French director André Téchiné teams up with Céline Sciamma to write the screenplay for a tale of two young men struggling with their identities whilst living in the unforgiving landscape of rural France. Being 17, screening in competition in Berlin, introduces Damien (Kacey Mottet Klein) and Tom (Corentin Fila) as being somewhat close to each other on the social hierarchy, in a scene where the two are last to be picked for basketball at school. Tom’s relief when he is shortly chosen before Damien, is quickly usurped, when faced with Damien’s demonstrable intellectual gifts later in class. In retaliation, Tom lashes out, unable to express his frustration in any way other than violence.
Tom’s journey to school from his family’s farm involves a hike over the mountains and a bus ride, whilst Damien is driven by his mother Marianne (Sandrine Kiberlain), a doctor. When Marianne is called to Tom’s home to examine his mother, Christine (Mama Prassinos) she’s impressed by his attentiveness and sense of responsibility. Despite multiple miscarriages, Marianne insists that Christine take a pregnancy test and knowing that she is likely to have difficulty bringing the baby to term, she offers to let Tom stay at their house. Meanwhile, Damien’s father Nathan (Alexis Loret), an army pilot, previously seen only via Skype, comes home for a visit. For a while the four seem to cohabit peacefully, but Tom and Damien’s animosity, masking unrecognised desire, continues to break out in bouts of fighting.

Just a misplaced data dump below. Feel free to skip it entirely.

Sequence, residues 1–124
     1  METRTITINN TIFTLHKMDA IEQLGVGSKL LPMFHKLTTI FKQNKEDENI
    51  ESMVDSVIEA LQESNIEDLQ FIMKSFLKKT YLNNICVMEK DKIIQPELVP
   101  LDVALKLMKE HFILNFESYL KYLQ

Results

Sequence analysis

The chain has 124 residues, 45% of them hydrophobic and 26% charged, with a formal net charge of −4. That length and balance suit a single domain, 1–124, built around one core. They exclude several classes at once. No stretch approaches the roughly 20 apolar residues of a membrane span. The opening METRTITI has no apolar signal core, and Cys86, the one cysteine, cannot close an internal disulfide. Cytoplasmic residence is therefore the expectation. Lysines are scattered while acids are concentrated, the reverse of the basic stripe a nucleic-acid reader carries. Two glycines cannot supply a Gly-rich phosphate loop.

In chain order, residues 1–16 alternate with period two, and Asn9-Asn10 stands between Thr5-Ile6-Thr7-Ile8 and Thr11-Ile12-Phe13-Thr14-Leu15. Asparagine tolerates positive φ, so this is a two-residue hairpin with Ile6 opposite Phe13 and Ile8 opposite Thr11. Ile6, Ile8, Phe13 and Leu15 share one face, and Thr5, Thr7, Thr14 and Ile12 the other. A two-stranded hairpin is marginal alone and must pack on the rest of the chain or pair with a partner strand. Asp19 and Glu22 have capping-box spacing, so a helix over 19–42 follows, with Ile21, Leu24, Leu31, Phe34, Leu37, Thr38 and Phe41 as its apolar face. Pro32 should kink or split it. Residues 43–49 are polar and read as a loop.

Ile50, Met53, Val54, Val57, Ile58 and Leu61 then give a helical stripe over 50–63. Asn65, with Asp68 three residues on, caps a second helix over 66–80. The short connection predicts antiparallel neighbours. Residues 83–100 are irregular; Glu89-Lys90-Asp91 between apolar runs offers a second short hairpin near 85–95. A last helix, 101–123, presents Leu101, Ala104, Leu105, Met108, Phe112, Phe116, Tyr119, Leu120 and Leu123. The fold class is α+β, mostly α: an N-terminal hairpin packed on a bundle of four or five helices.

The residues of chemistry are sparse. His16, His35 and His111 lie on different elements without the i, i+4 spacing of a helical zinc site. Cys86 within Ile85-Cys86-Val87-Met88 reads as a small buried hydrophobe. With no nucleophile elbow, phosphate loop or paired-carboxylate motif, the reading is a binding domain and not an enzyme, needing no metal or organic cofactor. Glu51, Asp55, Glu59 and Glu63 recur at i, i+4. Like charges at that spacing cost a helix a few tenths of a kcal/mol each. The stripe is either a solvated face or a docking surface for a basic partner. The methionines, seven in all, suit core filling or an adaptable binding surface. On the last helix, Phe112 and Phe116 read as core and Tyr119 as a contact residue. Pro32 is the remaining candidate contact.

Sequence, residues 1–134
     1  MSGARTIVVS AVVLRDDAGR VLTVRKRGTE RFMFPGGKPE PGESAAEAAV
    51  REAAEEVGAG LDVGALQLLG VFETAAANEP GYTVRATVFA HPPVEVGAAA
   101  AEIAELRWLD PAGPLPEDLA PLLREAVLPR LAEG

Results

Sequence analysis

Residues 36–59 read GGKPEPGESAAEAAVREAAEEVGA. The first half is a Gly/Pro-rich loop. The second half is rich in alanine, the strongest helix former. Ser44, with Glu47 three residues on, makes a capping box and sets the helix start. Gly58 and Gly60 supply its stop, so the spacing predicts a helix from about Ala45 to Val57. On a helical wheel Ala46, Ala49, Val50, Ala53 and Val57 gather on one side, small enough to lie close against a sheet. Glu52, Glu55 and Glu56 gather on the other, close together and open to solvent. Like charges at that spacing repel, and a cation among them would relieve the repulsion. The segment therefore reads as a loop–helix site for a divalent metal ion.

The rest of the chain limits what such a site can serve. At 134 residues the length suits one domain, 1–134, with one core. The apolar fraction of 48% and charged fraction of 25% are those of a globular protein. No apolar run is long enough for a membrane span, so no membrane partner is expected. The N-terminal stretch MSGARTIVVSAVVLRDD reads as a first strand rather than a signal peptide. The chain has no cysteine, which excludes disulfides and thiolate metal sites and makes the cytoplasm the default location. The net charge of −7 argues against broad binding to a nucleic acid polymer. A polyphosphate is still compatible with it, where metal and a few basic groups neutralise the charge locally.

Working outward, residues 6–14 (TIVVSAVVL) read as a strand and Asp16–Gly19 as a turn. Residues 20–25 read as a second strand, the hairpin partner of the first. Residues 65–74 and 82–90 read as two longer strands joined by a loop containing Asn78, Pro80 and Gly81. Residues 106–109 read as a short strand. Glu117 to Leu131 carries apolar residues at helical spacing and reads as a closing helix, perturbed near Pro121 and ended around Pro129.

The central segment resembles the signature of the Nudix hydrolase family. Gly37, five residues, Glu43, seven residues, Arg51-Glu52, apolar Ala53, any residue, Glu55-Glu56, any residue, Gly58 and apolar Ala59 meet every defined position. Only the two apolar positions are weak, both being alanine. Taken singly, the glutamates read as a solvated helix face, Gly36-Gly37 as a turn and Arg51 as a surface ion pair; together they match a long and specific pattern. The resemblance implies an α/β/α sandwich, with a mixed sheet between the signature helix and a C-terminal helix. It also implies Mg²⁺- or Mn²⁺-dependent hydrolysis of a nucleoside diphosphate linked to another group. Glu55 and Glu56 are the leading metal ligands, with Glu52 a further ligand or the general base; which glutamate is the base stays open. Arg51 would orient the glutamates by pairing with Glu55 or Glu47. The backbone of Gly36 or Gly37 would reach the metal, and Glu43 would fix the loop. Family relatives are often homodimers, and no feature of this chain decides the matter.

With a central pairing that resembles the rich and poor, wild and spoilt dynamic of Wuthering Heights, set in a landscape just as dramatic at the Yorkshire moors, Being 17 builds slowly the development of its character’s feelings, as they fight against the identities they’re at first sure of. Both loners, never seen at school or elsewhere with other friends, it’s the intensity of their being thrown together that Téchiné and Sciamma use skilfully to draw out Tom and Damien’s burgeoning love. Whilst Tom’s moonlit wild swimming might be an unconscious indication of his sensuality, it’s Damien who tests most obviously the boundaries the two boys have created between them, by sharing his experiment in online hook ups up. “I don’t know if I’m into guys or just you,” is the first verbal acknowledgement of his feelings and one which is met with simultaneous excitement and repulsion by Tom.
Between Tom and Damien is Marianne, played by Kiberlain with a combination of homely pragmatism and girlish femininity that is occasionally too perfect a motherly mix. Marianne’s nurturing of both boys is the catalyst for their eventual, revelatory union, which when it finally happens, is performed with total conviction and generosity by both Mottet Klein and Fila. Being 17’s great strength is the two utterly engrossing performances given by its leads and their exhilarating chemistry is conveyed with equal sensitivity during their tussles, as it is in every small glance and gesture.
The 2016 Berlin Film Festival takes place between 11-21 February. Follow our coverage here.
Harriet Warman | @HarrietWarman